Proteins: The proteins of barley can be divided into four solubility groups: albumins (water-soluble); globulins (soluble in dilute saline); prolamins (soluble in alcohol / water mixtures); and glutelins (soluble only in dilute acid or alkali). Prolamins, called hordeins in barley, are the major storage proteins and account for 35 to 50% of the total nitrogen in the grain. The albumins, globulins, glutelins consist predominantly of structural and metabolic proteins [21]. The protein content of barley grains varies considerably. The precise composition depends on the growth conditions and on the rate and timing of nitrogen fertilization [22]. For this reason it is important that an appropriate comparator is used for the comparative analysis. In general, protein content and protein quality of barley grain are not sufficient for high performing mono gastric farm animals. Consequently their diets have to be supplemented with other protein sources. The low content of consequence of the high content of hordeins that is relatively low in these amino acids. The amino acid composition of crude protein in barley grain fractions [23]. Hordeins have been reported to interfere with the brewing process; the amount of extract that ultimately can be derived from malt is inversely related to the protein (hordein) content of the original grain.

Vitamins: The vitamin content of barley grains varies widely. Un-germinated barley does not contain vitamins A, C and D, although the carotenoids and sterols that are present may act as precursors for vitamins A and D, respectively [24]. Vitamin E, a mixture of tocopherols, occurs in barley oil. Barley is unique among cereals in having all eight naturally occurring tocopherols. The tocopherols are found exclusively in germ tissue (embryo, scutellum) and tocotrienols in the starchy endosperm and aleurone [25]. Barley also contains B vitamins. These vitamins are mainly present in the embryo and the aleurone layer. Typical ranges of B vitamin and folate concentrations in barley are shown in T.

Minerals: The major constituents of the mineral fraction of barley are magnesium, phosphorus, potassium, calcium, and sodium. The average mineral content varies significantly, and this appears to be due to a number of factors, including the variety in question, the growing and soil conditions and fertilizer application. Major constituents based on a compilation of worldwide. A high portion of phosphorus in barley grain is bound to the phytate complex (51-66%) making much of the phosphorous unavailable to monogastric animals. Yet barley contains MOR [26] phosphorous than common cereal grains and the phosphorous bioavailability of barley is higher than that in other grains [26]. The amounts of copper, iron, manganese and zinc present in barley grain may vary to a large extent due to growing conditions and this has to be taken into account when diets for farm animals are formulated [27]. As with vitamins these minerals are mainly concentrated in the embryo and the aleurone layer.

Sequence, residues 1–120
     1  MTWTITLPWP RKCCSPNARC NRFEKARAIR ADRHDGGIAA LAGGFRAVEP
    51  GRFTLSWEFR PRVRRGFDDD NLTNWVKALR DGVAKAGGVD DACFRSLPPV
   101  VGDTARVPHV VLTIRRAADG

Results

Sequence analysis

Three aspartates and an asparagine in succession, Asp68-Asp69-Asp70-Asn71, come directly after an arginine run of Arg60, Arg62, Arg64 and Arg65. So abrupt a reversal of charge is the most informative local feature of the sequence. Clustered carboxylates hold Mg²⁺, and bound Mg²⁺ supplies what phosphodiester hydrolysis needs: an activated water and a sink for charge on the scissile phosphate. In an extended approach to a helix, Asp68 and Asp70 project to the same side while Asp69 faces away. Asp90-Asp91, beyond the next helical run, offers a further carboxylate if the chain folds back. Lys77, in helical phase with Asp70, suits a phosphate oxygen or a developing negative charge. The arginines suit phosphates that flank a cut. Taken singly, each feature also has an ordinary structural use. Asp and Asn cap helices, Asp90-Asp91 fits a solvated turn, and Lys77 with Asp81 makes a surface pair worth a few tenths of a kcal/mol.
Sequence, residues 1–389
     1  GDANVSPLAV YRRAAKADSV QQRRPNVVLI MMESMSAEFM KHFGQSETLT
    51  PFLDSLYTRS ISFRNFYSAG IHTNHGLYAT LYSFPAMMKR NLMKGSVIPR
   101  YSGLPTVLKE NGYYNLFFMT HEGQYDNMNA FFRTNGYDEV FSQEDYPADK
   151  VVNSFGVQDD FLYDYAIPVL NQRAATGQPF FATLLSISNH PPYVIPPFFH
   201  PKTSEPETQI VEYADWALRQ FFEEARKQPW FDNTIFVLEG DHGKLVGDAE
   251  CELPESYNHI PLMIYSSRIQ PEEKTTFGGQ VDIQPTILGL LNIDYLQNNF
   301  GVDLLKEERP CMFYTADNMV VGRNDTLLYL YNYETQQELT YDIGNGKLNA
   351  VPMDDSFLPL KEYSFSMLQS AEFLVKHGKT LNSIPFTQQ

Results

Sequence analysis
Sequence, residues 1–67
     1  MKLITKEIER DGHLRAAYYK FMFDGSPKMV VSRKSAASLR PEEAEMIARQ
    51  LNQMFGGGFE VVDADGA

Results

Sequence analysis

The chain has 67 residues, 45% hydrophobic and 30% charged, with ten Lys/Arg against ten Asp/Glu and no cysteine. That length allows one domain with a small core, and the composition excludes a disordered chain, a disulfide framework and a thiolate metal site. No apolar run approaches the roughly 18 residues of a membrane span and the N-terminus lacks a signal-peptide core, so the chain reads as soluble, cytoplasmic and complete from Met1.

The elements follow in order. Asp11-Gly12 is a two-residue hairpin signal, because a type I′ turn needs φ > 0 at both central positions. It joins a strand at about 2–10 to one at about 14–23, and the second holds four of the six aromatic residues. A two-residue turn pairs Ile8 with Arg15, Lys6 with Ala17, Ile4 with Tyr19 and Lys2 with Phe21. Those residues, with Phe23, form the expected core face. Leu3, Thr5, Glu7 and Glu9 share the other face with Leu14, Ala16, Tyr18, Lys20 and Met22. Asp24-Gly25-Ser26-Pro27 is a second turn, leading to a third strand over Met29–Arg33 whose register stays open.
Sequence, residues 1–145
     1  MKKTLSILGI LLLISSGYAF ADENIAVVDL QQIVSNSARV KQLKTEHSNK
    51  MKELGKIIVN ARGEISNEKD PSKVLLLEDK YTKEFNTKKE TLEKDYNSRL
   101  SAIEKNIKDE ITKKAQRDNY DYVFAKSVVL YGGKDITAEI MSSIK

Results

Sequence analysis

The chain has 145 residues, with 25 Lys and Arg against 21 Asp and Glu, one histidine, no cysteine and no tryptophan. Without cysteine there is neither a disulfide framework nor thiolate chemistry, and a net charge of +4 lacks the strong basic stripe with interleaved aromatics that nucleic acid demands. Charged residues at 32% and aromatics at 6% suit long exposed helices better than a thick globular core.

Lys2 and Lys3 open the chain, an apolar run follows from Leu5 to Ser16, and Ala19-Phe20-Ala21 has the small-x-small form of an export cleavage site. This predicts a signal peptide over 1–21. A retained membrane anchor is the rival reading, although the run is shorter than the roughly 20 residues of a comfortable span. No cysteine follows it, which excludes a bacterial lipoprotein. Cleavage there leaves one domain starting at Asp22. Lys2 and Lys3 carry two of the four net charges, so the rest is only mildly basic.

Lipids: In the mature barley grain the lipid content is approximately 3%. Lipids constitute only a small part of the dry matter in most barley tissues yet they comprise significant reserves in the embryo and the aleurone layer of the grain. They are essential for the functional integrity of the cells. The composition and distribution of lipids in the different parts of barley grain are presented.

Amino Acid: The amino acid composition of barley protein is quite similar to the other cereal grains. High glutamic acid and proline contents and relatively low amounts of basic amino acids characterize the barley grain. The average amino acid composition of typical hulled and hull-less barley. As with most nutrients in barley, other than fibre, removal of the hull has the effect of increasing the protein and amino acid levels in the remainder of the kernel. In particular, hulled barley protein is slightly higher in lysine than that of hull-less barley [28] (Table 4,5,6).

Table.4. Amino acid composition of barley and its fractions (g amino acid/100 g crude protein).

Amino acid












Aspartic acid








Glutamic acid




















































Source: Compiled from Bhatty 1993: Briggs 1978; Harrold RL 1999; Bull and Bradshaw 1995; NRC 1998; Ensminger et al 1990 (values taken from the last four references were calculated from dry matter basis to % of protein, based on reported protein levels.

 Table.5: Composition of lipids in the principal parts of barley grain.


Lipid class (wt %)


Nonpolar lipid (NL)

Glycolipids (GL)


Whole grain
































Source: Adapted from Morrison 1993.

Antioxidants: Barley contains a group of natural antioxidants called flavonoids. In general, cereals have only a small amount of flavonoids, except the barley grains contain measurable amounts of catechin (the same antioxidants found in green tea). Flavonoids as powerful antioxidants have anticancer, anti-allergic, anti-inflammatory, anti-carcinogenic and gastroprotective properties. Besides flavonoids, barley also contains another group of antioxidants called Tocols (vitamin E, the same antioxidants found in carrots). The main source of tocols in our diet is vegetable oils, but a substantial amount of them are also present in barley. Tocol content of barley confers many health benefits such as modulating degenerative diseases, cardiovascular diseases and lowering blood cholesterols.

Table 6: Distribution of lipids in the principal parts of barley grain.


Tissue in grain (wt %)

Lipid in tissue (wt %)

Lipid as fraction of total lipid (%)

Whole grain
















Source: Adapted from Morrison 1993.

The most active form of tocol is alpha-tocopherols which show the ability to decrease lipid oxidation, platelet aggregation and inflammation [29-34].